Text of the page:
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Arms going numb while I'm sleeping

For the past week and a half my left and right arms take turns going numb while I'm sleeping. I woke up a week ago with a "rubber arm" (right), but it is almost just as frequently my left arm (I just usually wake up before it's too numb). Rubbing it for a minute or two has returned feeling.

I'm concerned because this is new... I have always slept on my side, typically with my arms above my head and under my pillow (at least one arm, depending on the side).

I have been seeing a physical trainer for the last 3 months, and my last session (right about when this started) involved heavy bench pressing and squats (something I haven't done since high school - I'm a 28 male now, 5'11", 180 lbs). This exercise resulted in my shoulders being bruised and my elbows.

I also started taking flonase for cat allergies right around this time too, but I don't think that is related.

I am a programmer by day, though I do stretch periodically to keep good blood flow. I don't have this problem at any other time except when I am laying down. I have also noticed over the past week that when reading my iPad in bed at night, just the act of holding one arm over my head while laying on my back can result in that tingling sensation in my arm.

Is this just as simple as a swollen set of muscles preventing good blood flow, or is it something else I should check into? I had a blood test last week - I have the report, but my doctor has not had a chance to review it and get back with me yet (he's unavailable until June). Cholesterol is slightly high and low (in a bad way) - is there anything related I should look for?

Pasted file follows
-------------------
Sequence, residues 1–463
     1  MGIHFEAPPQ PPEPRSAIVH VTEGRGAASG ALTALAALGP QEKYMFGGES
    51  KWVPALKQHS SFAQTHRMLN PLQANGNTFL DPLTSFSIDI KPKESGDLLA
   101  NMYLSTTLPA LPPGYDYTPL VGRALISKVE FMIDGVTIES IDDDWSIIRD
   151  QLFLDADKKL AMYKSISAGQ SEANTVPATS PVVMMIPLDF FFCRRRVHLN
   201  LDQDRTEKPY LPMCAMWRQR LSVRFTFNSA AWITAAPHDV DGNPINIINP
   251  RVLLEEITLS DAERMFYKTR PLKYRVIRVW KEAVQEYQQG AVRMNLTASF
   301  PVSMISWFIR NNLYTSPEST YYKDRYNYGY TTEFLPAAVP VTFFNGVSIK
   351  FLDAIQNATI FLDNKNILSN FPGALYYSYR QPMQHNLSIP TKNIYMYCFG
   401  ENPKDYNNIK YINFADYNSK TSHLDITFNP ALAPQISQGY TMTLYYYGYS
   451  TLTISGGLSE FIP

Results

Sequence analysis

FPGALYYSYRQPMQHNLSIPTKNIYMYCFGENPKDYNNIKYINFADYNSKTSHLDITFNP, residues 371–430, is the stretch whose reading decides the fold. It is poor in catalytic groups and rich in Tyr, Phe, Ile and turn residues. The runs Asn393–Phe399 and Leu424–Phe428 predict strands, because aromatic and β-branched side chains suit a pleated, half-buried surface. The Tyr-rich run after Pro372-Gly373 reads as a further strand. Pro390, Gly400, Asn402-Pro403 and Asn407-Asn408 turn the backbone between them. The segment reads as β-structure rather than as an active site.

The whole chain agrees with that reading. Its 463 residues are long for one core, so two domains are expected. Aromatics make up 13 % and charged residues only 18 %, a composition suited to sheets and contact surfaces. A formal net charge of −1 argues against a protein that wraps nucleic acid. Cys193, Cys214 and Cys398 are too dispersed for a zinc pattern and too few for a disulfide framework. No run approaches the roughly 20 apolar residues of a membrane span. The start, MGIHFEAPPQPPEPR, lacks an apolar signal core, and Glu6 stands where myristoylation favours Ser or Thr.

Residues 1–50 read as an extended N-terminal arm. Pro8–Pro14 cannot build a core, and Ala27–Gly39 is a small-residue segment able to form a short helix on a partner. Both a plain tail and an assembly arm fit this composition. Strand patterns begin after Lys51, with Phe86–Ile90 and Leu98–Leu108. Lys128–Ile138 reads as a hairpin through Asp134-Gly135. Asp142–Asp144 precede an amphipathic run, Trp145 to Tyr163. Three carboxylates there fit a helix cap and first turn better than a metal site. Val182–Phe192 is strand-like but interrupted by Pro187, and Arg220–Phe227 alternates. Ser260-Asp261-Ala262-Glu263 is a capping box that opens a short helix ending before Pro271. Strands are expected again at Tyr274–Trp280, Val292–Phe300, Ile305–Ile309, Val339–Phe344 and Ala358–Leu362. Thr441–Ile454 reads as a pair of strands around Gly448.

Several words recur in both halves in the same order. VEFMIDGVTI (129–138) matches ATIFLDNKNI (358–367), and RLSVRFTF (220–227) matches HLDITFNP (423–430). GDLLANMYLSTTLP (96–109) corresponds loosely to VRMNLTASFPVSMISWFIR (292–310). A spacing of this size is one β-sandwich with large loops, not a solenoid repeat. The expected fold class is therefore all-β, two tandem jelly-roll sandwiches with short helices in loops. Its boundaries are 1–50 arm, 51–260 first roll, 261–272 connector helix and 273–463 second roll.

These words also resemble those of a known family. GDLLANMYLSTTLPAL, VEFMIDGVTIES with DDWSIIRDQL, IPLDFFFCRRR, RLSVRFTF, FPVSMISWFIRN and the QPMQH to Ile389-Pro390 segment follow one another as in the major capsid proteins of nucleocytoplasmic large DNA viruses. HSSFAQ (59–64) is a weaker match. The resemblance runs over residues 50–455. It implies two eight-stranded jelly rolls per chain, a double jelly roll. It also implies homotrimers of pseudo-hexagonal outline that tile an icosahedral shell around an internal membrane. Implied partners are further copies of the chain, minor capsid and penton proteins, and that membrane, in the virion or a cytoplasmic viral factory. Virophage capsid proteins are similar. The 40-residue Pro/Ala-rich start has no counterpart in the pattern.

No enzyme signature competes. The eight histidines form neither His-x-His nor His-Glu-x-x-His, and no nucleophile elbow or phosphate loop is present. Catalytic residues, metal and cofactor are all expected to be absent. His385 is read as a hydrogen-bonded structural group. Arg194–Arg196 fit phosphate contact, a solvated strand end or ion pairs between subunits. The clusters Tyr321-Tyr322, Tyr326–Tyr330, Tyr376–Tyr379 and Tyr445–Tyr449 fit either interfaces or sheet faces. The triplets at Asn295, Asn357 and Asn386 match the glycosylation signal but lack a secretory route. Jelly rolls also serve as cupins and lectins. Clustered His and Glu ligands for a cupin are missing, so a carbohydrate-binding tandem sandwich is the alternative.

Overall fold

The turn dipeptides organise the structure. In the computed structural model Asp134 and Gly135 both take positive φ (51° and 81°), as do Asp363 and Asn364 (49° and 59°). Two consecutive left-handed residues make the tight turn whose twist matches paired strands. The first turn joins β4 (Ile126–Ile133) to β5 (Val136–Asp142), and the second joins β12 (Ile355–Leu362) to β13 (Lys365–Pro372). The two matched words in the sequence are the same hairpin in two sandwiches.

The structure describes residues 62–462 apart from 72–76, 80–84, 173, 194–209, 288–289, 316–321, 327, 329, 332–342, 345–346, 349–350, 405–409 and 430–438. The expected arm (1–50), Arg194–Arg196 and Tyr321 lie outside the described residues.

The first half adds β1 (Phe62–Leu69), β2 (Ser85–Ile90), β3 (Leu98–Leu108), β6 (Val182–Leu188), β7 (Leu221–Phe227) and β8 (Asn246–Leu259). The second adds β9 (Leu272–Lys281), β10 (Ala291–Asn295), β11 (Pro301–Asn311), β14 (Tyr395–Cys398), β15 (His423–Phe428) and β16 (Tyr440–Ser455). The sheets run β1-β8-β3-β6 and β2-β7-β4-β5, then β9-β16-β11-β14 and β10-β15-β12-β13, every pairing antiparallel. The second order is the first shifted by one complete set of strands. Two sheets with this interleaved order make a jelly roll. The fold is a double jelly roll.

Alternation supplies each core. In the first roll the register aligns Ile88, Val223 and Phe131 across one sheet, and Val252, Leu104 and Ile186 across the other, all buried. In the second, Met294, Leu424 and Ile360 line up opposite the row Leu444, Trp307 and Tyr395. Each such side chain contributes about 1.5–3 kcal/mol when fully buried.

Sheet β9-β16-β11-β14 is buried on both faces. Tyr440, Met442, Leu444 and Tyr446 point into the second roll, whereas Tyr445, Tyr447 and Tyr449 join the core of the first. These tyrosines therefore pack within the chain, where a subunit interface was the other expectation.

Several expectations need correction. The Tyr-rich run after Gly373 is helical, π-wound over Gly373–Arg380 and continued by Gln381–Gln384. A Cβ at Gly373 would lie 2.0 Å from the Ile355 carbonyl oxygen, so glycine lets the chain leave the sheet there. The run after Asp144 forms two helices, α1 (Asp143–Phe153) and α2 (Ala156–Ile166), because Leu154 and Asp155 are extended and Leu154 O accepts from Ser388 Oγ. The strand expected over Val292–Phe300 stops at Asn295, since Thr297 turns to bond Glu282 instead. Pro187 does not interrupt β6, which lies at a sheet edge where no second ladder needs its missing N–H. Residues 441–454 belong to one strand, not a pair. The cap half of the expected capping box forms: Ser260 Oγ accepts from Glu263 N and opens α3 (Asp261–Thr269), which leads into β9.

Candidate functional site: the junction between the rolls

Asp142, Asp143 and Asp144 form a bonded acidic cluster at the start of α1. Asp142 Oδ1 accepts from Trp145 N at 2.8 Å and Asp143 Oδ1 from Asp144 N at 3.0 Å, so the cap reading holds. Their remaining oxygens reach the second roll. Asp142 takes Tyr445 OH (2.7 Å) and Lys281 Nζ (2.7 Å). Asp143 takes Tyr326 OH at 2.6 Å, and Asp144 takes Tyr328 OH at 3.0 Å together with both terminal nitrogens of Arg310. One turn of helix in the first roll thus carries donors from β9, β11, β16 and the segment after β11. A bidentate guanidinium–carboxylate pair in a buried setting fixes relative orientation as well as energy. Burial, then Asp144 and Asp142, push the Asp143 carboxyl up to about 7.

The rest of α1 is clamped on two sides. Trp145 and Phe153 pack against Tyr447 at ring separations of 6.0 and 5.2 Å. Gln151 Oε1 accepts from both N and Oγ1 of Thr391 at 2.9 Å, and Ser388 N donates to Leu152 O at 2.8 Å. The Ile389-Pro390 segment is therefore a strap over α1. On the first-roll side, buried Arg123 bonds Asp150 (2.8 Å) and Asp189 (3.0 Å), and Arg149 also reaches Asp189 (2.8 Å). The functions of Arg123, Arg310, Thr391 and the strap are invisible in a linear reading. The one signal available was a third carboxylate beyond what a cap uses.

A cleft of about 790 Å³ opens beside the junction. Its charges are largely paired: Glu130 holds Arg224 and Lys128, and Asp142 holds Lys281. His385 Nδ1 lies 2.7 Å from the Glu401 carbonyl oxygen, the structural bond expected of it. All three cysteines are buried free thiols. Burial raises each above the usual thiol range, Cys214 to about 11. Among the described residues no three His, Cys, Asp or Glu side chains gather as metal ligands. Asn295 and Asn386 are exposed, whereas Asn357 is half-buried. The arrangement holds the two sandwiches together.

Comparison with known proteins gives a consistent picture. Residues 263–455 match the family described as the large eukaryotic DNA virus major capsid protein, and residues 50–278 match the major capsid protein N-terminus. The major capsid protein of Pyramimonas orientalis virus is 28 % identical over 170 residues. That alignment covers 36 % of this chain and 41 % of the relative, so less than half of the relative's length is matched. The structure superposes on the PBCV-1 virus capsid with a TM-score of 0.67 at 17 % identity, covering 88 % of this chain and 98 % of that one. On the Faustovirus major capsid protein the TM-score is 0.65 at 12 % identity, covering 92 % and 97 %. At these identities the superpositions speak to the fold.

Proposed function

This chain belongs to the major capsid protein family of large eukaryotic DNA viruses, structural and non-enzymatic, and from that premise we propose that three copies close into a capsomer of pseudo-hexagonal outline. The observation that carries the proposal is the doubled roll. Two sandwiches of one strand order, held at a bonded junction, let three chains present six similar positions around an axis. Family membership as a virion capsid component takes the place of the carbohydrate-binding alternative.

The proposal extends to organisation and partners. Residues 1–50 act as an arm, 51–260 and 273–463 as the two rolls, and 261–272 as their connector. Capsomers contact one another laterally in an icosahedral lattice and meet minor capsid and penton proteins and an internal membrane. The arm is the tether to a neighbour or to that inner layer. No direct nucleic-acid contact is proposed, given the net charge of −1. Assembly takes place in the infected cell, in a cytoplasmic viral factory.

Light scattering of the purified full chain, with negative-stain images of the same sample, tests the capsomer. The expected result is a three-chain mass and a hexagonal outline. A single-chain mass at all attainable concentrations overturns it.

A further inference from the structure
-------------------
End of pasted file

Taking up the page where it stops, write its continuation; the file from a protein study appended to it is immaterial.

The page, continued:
Any thoughts would be greatly appreciated.

Thank you,
-David
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replied November 30th, 2016
Welcome to e health forum.


The description of your symptoms is not helpful to make a proper medical diagnosis.

Numbness and tingling are abnormal sensations that can occur anywhere in your body, but are often felt in your fingers, hands, feet, arms, or legs.

The most common cause of such symptoms can be due to the following -

1. Abnormal body positions during sleep, work or resting.
2. Vascular disorders - affecting the blood supply, like Transient ischemic attacks, Strokes, Raynaud's syndrome, etc.
3. Neurological injury - due to trauma, low back injury, pressure on nerves (herniation of spinal discs), etc.
4. Peripheral neuropathy - associated with Vitamin B12 or folic acid deficiency
5. electrolyte imbalances
6. Thyroid disorders
7. Diabetic neuropathy, migraines
8. Hyperventilation disorders , panic attacks
9. Repetitive stress injuries - Carpal tunnel syndrome, pressure neuropathy.

Hence for proper diagnosis of your condition, additional medical history as well as few tests may be helpful. Hence you might consult your doctor for proper advice.

Treating the condition may make the symptoms go away or stop them from getting worse.

In case you have symptoms like transient numbness, tingling or temporary paralysis that resolve soon within minutes or hours after waking up, they might be due to pressure on the nerves or blood vessels possibly due to abnormal sleeping positions, eg. Sleeping with the hand under the head, keeping the hands above the level of the heart, sleeping in abnormal leg positions, etc. In such situations, there is no need for specific treatment other than proper sleep hygiene and avoiding abnormal sleep positions.

I hope this helps.





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